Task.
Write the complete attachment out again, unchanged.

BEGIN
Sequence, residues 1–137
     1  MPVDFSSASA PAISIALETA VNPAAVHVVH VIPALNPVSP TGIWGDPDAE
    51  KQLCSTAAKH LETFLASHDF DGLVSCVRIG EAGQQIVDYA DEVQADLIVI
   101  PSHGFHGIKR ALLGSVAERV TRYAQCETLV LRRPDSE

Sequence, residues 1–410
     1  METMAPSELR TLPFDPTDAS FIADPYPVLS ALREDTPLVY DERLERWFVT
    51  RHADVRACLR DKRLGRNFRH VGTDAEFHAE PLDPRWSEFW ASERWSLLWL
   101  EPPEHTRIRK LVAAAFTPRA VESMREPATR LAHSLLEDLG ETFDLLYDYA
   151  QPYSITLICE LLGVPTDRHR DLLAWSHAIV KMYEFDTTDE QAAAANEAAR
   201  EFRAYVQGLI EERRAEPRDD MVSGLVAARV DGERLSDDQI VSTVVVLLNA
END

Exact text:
Sequence, residues 1–137
     1  MPVDFSSASA PAISIALETA VNPAAVHVVH VIPALNPVSP TGIWGDPDAE
    51  KQLCSTAAKH LETFLASHDF DGLVSCVRIG EAGQQIVDYA DEVQADLIVI
   101  PSHGFHGIKR ALLGSVAERV TRYAQCETLV LRRPDSE

Sequence, residues 1–410
     1  METMAPSELR TLPFDPTDAS FIADPYPVLS ALREDTPLVY DERLERWFVT
    51  RHADVRACLR DKRLGRNFRH VGTDAEFHAE PLDPRWSEFW ASERWSLLWL
   101  EPPEHTRIRK LVAAAFTPRA VESMREPATR LAHSLLEDLG ETFDLLYDYA
   151  QPYSITLICE LLGVPTDRHR DLLAWSHAIV KMYEFDTTDE QAAAANEAAR
   201  EFRAYVQGLI EERRAEPRDD MVSGLVAARV DGERLSDDQI VSTVVVLLNA